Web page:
The server assistants–that’s below the servers on the hierarchy—they’re [mostly] immigrants, all workers of color, and they’re the same guys who’ve been there seven, almost eight years, who have still been in the same spot… Meanwhile you have young white kids who’ve been hired at age 21, 22, 23, with not as much experience, who don’t know the restaurant, can’t carry plates. And they’re being hired as servers.

For the staff in general, he added, due to deliberate understaffing and overstretching of the workforce, “you have guys doing the work of three jobs for the pay of one, not getting a raise in three to four years.”

In a video testimony, Elose Arestil, a Haitian American former Capital Grille worker in Miami, said she was fired after she injured her hand while washing dishes.  Through her son’s translation, she also recalled being forced to work off the clock and do extra tasks. She joined the ROC Miami campaign, she said, “because the way she was let off was not right, and as people, she had respect for them, and they should give the same respect to her.”

Ignacio Villegas, who worked at the Capital Grille pantry station for seven years, testified about how he was treated after becoming sick:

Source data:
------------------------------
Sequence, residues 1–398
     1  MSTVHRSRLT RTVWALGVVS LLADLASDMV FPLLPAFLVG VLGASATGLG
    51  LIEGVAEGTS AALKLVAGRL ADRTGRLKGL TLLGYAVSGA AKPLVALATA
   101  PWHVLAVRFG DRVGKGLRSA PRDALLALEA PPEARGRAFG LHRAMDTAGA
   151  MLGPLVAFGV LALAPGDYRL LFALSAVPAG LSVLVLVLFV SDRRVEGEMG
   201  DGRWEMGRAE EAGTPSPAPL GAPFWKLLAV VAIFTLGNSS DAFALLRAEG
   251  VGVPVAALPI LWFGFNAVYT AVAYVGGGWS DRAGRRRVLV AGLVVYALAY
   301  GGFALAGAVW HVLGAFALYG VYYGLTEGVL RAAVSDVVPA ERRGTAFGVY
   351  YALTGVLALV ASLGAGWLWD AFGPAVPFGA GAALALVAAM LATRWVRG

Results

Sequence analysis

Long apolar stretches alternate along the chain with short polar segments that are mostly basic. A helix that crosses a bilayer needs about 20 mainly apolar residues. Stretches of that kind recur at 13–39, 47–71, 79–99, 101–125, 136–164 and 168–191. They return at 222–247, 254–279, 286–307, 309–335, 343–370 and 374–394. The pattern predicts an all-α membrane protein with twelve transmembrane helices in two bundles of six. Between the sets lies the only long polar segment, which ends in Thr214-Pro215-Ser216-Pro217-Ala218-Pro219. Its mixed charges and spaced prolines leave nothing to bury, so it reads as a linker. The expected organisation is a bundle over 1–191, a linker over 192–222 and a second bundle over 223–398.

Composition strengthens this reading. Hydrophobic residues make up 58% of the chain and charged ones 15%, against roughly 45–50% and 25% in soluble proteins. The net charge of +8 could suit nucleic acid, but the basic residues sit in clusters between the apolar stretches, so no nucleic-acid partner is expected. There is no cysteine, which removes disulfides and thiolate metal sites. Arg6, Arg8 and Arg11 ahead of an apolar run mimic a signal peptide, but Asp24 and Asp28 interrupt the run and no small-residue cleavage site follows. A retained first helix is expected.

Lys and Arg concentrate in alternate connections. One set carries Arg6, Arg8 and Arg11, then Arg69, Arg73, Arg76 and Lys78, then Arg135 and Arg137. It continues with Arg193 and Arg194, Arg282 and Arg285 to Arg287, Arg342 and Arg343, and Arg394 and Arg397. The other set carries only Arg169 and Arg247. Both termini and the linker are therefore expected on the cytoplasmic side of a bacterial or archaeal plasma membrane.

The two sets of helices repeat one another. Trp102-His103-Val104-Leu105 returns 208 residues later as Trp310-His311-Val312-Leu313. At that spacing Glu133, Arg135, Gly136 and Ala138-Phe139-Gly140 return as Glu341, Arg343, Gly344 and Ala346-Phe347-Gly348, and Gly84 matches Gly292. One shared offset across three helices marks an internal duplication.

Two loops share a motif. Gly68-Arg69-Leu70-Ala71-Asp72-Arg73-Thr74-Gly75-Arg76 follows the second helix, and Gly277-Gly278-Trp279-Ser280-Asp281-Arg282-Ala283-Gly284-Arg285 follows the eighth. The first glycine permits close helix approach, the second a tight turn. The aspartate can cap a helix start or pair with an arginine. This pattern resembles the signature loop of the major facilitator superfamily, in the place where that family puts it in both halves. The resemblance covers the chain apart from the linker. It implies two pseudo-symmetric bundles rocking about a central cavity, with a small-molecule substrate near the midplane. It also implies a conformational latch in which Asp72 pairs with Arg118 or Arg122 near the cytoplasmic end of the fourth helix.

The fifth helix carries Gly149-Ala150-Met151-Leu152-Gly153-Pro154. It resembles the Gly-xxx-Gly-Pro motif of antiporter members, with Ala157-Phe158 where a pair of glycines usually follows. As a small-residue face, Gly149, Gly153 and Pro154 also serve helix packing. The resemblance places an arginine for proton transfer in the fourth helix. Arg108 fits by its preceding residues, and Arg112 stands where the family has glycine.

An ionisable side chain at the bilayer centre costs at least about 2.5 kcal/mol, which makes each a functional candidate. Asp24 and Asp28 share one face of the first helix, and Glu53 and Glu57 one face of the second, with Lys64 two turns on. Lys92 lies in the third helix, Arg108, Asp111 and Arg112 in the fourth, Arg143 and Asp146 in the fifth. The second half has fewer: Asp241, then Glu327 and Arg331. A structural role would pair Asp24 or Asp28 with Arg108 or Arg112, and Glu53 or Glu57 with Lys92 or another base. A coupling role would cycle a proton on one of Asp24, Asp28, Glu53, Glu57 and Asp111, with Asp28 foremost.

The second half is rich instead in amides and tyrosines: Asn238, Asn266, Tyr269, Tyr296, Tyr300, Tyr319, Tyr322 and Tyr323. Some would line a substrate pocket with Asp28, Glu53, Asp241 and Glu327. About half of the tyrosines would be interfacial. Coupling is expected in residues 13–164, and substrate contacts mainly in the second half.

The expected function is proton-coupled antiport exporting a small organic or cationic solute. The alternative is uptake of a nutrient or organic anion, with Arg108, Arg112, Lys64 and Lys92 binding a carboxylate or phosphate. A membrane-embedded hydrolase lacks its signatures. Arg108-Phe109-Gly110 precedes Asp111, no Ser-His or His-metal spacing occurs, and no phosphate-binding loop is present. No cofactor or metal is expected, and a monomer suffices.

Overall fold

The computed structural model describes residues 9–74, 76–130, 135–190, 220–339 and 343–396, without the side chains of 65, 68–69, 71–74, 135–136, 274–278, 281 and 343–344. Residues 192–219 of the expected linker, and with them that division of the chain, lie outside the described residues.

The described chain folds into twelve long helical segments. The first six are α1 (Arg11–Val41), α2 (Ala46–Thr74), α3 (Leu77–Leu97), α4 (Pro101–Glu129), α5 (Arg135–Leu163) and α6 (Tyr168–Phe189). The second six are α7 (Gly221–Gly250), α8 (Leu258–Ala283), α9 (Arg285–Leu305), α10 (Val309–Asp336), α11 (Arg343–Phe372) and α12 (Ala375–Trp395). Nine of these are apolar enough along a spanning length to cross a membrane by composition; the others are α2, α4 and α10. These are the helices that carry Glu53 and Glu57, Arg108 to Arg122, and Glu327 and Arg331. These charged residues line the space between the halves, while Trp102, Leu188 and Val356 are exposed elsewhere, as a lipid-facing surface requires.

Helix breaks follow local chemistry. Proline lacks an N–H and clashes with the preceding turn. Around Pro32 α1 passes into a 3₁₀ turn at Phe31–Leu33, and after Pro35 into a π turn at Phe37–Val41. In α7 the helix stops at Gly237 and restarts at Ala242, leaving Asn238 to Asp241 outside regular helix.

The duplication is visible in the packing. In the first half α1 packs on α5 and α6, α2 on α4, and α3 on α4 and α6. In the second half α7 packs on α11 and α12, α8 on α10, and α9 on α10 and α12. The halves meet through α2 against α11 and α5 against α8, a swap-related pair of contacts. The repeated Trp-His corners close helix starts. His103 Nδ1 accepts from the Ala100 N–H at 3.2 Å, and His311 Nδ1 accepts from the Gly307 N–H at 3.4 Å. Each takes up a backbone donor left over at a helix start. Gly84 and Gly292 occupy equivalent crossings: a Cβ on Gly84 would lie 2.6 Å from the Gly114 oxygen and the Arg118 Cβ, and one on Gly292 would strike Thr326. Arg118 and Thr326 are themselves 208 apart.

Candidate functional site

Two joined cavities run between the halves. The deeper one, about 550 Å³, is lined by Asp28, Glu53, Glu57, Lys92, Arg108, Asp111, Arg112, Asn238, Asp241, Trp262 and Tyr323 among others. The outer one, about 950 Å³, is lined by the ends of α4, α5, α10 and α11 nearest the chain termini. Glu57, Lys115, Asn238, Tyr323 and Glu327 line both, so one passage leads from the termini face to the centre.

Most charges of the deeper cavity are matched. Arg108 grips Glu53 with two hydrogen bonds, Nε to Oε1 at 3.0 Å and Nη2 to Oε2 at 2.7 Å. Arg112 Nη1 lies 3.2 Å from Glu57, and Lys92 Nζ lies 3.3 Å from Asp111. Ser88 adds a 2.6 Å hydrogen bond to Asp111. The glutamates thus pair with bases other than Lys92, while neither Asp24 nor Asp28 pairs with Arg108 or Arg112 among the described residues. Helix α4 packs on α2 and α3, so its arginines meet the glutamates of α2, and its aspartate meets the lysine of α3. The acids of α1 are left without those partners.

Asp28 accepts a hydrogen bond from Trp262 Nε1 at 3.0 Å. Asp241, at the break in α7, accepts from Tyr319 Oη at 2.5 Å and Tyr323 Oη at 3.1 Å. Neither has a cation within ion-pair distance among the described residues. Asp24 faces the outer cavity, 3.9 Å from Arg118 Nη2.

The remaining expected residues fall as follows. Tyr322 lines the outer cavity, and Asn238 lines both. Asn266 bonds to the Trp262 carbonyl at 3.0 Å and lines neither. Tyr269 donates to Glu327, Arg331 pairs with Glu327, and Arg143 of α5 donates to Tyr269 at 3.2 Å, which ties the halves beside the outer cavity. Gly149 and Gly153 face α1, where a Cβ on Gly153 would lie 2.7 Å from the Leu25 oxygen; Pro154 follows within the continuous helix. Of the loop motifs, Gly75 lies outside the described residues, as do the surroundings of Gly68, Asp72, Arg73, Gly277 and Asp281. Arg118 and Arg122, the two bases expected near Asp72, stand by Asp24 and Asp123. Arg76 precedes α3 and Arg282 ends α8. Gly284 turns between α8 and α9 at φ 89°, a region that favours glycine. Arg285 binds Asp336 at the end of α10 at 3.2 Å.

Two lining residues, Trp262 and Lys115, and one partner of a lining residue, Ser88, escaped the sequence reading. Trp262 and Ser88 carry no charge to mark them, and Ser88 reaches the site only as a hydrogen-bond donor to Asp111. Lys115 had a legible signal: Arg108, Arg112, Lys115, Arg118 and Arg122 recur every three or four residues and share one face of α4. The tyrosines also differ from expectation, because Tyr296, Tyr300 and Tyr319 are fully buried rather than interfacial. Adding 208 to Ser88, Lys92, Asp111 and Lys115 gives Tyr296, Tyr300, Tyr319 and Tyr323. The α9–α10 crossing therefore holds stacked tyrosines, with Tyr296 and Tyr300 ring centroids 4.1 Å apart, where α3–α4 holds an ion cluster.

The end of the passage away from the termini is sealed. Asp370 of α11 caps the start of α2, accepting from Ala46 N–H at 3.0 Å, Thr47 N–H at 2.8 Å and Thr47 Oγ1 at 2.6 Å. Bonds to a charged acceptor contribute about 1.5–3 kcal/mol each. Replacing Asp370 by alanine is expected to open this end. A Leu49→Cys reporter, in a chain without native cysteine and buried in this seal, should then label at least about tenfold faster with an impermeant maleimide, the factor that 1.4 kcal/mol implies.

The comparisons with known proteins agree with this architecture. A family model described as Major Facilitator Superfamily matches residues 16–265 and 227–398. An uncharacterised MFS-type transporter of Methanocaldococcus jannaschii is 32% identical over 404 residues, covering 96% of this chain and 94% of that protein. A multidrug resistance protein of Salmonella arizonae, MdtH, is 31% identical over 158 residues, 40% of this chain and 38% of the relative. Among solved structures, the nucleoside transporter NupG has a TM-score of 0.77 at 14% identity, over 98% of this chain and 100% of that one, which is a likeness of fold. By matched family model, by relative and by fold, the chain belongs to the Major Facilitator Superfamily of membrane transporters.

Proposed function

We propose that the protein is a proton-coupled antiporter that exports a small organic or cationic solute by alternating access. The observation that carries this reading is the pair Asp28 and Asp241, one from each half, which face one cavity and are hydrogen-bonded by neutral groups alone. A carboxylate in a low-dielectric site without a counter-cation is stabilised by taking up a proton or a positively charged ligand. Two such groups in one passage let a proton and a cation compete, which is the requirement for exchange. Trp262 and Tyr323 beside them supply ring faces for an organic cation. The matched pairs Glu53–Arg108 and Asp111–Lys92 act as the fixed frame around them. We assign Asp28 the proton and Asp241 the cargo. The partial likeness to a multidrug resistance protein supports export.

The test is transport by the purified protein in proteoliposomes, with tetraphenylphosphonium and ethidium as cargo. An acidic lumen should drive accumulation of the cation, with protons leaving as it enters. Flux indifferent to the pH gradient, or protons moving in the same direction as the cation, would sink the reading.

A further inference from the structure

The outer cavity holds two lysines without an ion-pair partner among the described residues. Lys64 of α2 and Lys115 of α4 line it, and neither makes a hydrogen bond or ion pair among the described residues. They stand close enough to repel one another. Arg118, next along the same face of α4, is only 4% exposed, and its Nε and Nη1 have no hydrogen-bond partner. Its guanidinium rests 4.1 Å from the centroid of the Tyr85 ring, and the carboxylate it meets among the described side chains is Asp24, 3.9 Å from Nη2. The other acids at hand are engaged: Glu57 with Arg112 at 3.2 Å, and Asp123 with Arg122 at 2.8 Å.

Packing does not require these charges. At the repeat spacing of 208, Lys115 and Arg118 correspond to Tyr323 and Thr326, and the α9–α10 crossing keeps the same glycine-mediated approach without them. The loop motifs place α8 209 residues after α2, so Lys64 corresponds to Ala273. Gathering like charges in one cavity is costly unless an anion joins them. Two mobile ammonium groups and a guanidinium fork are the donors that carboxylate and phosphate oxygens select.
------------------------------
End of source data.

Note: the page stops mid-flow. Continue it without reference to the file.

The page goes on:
My cheek was swollen from a tooth infection and they told me I had to work. I had to go to work with my face swollen and with horrible pain that was difficult to tolerate. [We do this] because we are not working for fun, we’re working for necessity. We need a job to survive and support ourselves.

The underlying problems that ROC’s litigation highlights are deeper than workers’ individual legal grievances. As we’ve reported before at ITT, institutional racism and labor abuses are part of an industry status quo that can only be addressed through a major shift in the institutional culture. Beyond the legal issues raised in the suit, ROC says it hopes the litigation will spur broader reforms at Darden that will prevent abuses and and improve working conditions in the future.

The “Dignity at Darden” campaign reflects ROC’s general strategy for combating labor abuses: targeting high-profile companies with brands that consumers recognize, and with big enough clout in the industry to set an example for other employers.

Founded in the wake of 9/11 by displaced restaurant workers from the Twin Towers, the organization has since engaged cooks, servers, busboys and hostesses all over the country in protest campaigns as well as legal action and social research. Alongside campaigns against individual employers—mostly prominent tablecloth establishments—ROC has advocated for a long-overdue raise in the minimum wage for tipped workers, and local and federal initiatives to provide paid sick leave for workers so they don’t have to sacrifice income to deal with illness.